merge multiple image file into one image

This is a discussion on merge multiple image file into one image within the C++ Programming forums, part of the General Programming Boards category; hi all, now i'm doing a task adding about 36 image file with pixel 5000X5000 into one large image with ...

  1. #1
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    merge multiple image file into one image

    hi all,
    now i'm doing a task adding about 36 image file with pixel 5000X5000 into one large image with pixel about 30000X42000. i use GDI + , adding image pointer into graphics object by drawimage with different coordination, but i got out of memory for the graphics object when 9th image is drawn to it. also the final image saved is damaged, i think gdi+ cannot handle such large image.
    So, is there any way to do such thing? if c++ can't, i wonder what programming language can do such large memory-needed task, if i open a very large image and save it back i also got the image data corrupted, but no problem for small one. anyone can give me advise?thanks all!
    Last edited by mr_empty; 12-07-2009 at 03:50 AM.

  2. #2
    Registered User kryptkat's Avatar
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    About GDI+

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    jpeg....Some information is lost in the compression process, but often the loss is imperceptible to the human eye.
    leaves the image blurry but not corrupt. as far as i know the images size is limited by only that of your system memory or storage space. break it down and make a separate file with the paint program 30000X42000 save it then load it with paint. then load that image with your prog to see if there is any corruption. if not then it is the save part of your prog that is the prob. what type of image bmp jpeg other.

    also 5000 x 5000 = 25 000 000
    30 000 x 42 000 = 1 260 000 000

    div them you get 50.4 i think it is the .4 that is the prob meow

  3. #3
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    3e4B*4.2e4B = 1.26GB, and that's for an 8bit monochrome image. if you're dealing with RGB24 or RGBA32, that's 3.78GB or 5.04GB of memory, respectively. Win32 just can't deal with that.

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    Quote Originally Posted by sufoode View Post
    Have you considered porting your code to JavaScript?
    are u sure? javascript can handle it?

  5. #5
    Algorithm Dissector iMalc's Avatar
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    Quote Originally Posted by mr_empty View Post
    are u sure? javascript can handle it?
    I think that person was poking fun at you.

    It's nothing to do with what programming language you are using. It can be done in C++ no matter how big the image files are, you just can't load it all into memory at once, which begs the question of why on earth would you want to combine them anyway if you can't actually view them once combined anyway?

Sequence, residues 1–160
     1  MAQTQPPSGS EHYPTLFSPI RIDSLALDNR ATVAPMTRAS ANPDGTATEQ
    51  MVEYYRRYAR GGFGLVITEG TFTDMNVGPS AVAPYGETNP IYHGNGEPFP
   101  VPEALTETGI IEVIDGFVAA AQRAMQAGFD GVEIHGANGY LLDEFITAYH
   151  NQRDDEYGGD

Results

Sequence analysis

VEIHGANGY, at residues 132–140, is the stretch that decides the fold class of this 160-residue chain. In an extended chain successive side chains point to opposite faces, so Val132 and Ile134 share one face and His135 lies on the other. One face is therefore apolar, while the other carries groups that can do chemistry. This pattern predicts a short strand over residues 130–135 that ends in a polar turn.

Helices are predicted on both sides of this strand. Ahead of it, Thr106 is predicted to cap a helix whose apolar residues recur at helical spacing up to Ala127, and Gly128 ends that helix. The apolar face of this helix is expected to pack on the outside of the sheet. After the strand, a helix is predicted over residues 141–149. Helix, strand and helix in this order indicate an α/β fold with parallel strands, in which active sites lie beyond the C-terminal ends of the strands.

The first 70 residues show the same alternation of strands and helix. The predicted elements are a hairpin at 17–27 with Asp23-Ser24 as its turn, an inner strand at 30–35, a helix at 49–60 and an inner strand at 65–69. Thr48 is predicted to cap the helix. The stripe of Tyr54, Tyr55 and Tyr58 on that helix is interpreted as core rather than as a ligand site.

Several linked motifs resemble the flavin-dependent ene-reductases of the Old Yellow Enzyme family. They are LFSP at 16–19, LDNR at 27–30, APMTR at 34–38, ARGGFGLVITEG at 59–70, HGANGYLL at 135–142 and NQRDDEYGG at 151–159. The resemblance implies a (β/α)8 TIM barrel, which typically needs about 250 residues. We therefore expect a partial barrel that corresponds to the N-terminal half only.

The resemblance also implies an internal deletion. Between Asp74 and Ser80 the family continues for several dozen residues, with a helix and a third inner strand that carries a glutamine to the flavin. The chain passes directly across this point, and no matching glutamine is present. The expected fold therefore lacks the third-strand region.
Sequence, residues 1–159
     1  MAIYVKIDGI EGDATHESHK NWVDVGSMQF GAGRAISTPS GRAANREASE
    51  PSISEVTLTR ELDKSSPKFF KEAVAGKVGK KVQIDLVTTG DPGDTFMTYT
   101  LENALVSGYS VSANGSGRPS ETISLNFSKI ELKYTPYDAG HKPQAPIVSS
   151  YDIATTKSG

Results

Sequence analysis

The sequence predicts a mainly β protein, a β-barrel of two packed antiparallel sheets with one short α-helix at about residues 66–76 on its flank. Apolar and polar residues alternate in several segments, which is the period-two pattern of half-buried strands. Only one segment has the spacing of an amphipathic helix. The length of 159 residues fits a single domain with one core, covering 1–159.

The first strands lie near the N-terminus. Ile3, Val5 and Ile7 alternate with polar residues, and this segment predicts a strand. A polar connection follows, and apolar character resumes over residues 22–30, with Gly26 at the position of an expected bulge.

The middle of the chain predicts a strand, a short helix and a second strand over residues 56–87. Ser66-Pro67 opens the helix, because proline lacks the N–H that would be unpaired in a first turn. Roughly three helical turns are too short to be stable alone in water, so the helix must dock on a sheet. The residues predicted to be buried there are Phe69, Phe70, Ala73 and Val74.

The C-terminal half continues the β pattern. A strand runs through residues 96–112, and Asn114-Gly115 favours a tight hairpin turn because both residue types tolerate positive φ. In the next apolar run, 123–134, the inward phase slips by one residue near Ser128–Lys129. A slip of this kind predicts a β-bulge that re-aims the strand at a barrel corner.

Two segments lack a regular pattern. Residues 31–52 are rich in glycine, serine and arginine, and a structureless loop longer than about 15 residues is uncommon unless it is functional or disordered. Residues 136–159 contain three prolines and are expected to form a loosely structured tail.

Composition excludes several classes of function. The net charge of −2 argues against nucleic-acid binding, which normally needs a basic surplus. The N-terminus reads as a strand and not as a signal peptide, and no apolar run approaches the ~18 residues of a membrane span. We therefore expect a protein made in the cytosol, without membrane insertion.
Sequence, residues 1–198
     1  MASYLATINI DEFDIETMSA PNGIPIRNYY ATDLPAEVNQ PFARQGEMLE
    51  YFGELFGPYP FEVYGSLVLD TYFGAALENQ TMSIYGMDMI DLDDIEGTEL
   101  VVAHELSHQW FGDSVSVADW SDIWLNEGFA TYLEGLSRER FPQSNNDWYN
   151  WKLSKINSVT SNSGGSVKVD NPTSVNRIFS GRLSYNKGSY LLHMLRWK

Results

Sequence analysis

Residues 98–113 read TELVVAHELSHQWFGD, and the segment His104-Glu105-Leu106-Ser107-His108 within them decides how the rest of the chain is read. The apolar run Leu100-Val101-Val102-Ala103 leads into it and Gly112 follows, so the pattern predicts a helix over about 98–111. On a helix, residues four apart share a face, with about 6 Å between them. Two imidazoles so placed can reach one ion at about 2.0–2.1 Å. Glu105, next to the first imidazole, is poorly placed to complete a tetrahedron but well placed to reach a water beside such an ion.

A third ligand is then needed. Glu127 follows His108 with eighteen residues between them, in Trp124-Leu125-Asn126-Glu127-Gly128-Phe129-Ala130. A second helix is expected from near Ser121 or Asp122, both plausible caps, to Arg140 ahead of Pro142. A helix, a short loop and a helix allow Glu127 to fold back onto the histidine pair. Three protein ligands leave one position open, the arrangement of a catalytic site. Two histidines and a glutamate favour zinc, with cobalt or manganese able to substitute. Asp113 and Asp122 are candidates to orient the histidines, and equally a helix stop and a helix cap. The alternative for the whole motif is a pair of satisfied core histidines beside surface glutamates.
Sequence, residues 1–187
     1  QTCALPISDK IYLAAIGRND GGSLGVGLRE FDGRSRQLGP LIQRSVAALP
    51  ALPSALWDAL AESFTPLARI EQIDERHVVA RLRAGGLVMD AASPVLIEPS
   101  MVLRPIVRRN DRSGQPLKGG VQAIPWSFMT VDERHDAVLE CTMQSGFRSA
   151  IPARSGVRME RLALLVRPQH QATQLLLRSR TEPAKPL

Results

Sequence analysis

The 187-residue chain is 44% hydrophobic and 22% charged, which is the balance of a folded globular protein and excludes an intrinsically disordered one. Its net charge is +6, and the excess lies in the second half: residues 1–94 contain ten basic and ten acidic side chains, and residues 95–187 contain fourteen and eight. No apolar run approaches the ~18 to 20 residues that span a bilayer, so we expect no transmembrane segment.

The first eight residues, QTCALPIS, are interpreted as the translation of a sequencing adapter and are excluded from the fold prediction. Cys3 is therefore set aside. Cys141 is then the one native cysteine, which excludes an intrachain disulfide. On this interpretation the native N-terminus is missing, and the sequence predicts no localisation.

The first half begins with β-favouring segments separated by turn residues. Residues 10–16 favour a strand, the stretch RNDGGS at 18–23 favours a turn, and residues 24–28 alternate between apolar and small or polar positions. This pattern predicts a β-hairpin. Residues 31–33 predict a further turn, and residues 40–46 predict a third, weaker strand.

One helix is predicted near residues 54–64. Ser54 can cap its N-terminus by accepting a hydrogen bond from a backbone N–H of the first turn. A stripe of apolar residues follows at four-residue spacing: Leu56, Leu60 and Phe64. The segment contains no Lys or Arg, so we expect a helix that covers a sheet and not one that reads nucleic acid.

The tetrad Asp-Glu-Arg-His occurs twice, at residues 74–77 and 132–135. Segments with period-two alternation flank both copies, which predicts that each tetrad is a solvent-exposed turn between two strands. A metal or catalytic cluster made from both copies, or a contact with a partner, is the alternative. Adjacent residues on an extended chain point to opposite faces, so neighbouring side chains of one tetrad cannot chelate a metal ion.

How about telling us what format the source and combined images files are or will be?
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    iMalc, you can view images that large, just not on systems your familiar with.

    You will definitely want to use C++, and probably OpenGL, and want to definitely be familiar with GPU programming in general. You'll likely incorporate shaders to do a good amount of the work.

    You don't need to load all of it at once either, you can create larger groups of images by rendering multiple images to larger identically sized image segments in a stream-lined fashion. Then a final process could be implemented to do a stream-lined manipulation of identically sized images on the CPU by modifying the BITMAP formatting declarations to reassign coordinates to all of the pixels to the range of the final image size (stitching the files together) without requiring any video processing on this part.

    That's *roughly how I can imagine making this work in decent time on a generally high-end desktop PC with a stronger emphasis on video card, get a good one, especially if this is the kind of work you may do more frequently.

    You might be able to get around needing ridiculously large amounts of memory usage as well, focusing more on streams, segmenting read/writes, bunch of other cleverness, etc...
    Last edited by since; 12-09-2009 at 11:16 AM.

  7. #7
    Algorithm Dissector iMalc's Avatar
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    I know there will be applications that can open such large images because they're written to only hold part of it in RAM at once.

    I've taken this request to mean that he wasnt to combine images as a once-off task, meaning there would be no point buying anything to do it.
    Clearly we need more information.
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    Registered User slingerland3g's Avatar
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    I just had to comment - how does one load up 4G movies to watch? They are not just loaded in to memory they are somewhat streamed and broken down into chunks to be worked on. If you have such a very large image, I take it very high quality and you need to view the whole picture then you must down grade the image, or pipe to some other source such as a printer which still breaks this down as any printer I know of does not contain very large memory to print a picture at one go. Perhaps consider threads of some sort of which each piece of code can act on a portion of your image file, then piece it all together to display from disk to screen.

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